A proposed law change to bring lobbying of MPs out of the shadows has been rejected by a parliamentary committee out of concern that it was too broad and would have discouraged constituents from engaging with politicians.

The select committee recommended that Green MP Holly Walker's private member's bill, which would have opened professional lobbyists to greater scrutiny, should not pass into law.

Ms Walker said she was disappointed that lobbying rules could not be written into legislation.

She said the Government's dealings with SkyCity over an international convention centre showed a need for greater transparency about the groups which influenced MPs.


Her bill would have created a public register for lobbyists and required them to follow a code of ethics drawn up by the Auditor-General and file quarterly returns.

It would be a criminal offence for unregistered corporate lobbyists, union members, or workers with non-government organisations to lobby MPs.

The committee's report said the bill would have had unintended consequences for the openness of democracy by capturing members of the public who lobbied their MPs, or small businesses which wanted to discuss government policy.

Committee chairwoman and Labour MP Ruth Dyson said: "If you've got a bunch of family members who aren't being paid to provide care to their family, they should be able to lobby you. You wouldn't want them to go through a registration process for having their views known."

The bill was based on similar Australian and Canadian legislation, but Ms Dyson said the political culture in New Zealand was different.

"New Zealand is a village. We know who the lobbyists are, and what they're going to talk to us about."

Committee members made non-legislative recommendations, including a requirement for all official advice on new laws to include the names of any non-government organisations which had been consulted.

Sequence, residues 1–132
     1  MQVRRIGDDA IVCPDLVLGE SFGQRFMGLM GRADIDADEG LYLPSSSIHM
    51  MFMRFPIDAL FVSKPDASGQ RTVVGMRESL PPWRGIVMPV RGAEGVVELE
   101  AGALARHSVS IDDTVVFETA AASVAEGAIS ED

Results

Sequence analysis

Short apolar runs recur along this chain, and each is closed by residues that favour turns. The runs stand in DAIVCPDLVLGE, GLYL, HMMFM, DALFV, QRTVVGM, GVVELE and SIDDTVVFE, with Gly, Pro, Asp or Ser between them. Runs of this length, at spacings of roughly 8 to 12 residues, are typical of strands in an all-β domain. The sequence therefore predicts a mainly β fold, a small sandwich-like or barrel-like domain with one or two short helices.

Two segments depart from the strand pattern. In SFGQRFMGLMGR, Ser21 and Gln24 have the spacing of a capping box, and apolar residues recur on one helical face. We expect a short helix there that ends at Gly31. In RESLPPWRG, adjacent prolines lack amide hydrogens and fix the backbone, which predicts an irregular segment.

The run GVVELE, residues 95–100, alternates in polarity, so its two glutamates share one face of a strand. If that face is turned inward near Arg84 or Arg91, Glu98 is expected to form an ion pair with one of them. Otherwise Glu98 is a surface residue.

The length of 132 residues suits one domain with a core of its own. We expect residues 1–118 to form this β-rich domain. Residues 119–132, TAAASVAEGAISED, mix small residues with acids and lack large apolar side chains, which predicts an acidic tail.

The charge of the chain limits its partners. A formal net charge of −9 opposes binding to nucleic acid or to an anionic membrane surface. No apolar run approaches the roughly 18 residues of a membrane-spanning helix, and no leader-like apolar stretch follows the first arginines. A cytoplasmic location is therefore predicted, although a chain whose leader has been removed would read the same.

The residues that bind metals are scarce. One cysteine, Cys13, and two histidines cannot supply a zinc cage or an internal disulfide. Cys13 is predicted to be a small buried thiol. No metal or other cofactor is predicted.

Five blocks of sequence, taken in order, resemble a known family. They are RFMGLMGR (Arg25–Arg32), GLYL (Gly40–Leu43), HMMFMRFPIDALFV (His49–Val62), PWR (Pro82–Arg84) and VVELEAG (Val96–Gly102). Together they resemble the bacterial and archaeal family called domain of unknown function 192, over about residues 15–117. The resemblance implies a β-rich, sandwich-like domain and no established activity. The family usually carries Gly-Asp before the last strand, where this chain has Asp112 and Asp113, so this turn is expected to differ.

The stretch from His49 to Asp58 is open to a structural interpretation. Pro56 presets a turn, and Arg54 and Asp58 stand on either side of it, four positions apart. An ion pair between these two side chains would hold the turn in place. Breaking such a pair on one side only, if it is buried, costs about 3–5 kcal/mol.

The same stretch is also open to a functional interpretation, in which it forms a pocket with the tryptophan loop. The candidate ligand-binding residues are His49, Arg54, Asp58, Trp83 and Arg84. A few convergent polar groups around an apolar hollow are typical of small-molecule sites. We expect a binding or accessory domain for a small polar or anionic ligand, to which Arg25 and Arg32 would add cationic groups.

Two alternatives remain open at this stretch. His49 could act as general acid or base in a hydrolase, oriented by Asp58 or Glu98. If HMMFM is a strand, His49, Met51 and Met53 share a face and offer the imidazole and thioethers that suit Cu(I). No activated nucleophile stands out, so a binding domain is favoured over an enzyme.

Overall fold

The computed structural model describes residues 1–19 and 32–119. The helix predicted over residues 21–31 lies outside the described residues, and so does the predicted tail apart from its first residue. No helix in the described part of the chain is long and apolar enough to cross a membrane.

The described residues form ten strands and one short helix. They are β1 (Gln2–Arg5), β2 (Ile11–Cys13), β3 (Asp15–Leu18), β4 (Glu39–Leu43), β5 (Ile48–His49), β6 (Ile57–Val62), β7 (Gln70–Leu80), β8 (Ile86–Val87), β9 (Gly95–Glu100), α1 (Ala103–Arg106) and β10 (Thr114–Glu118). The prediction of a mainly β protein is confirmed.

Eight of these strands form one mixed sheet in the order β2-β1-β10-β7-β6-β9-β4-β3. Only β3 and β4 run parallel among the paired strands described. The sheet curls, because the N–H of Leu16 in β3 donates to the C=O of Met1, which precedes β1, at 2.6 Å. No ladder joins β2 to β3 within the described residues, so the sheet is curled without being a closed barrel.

Former Green MP Sue Kedgley was the original author of the Lobbying Disclosure Bill. Ms Walker revised the bill to narrow its focus to lobbying which could influence legislation.


But the committee still felt lobbyists and lobbying activity were not well-defined, and it was unclear who and what the bill would capture.

Ms Dyson said: "The narrower it got, the more it opened it up to 'you won't catch this person or this person'. It just got ridiculous."

Attorney-General Chris Finlayson found that the legislation could limit freedom of expression and went beyond what would be required to regulate the activities of lobbyists.

National supported the bill to select committee because it felt debate was needed about lobbyists' access to MPs and their influence.

The verdict

• Register of professional lobbyists and code of conduct
• Offences for non-registered lobbying
• Requirement for lobbyists to file returns with Auditor-General


• New Parliament guidelines for lobbying which relates to parliamentary business, including ways for MPs to disclose lobbying
• Official advice on legislation to include names of any NGOs which were consulted
• Policy papers proactively released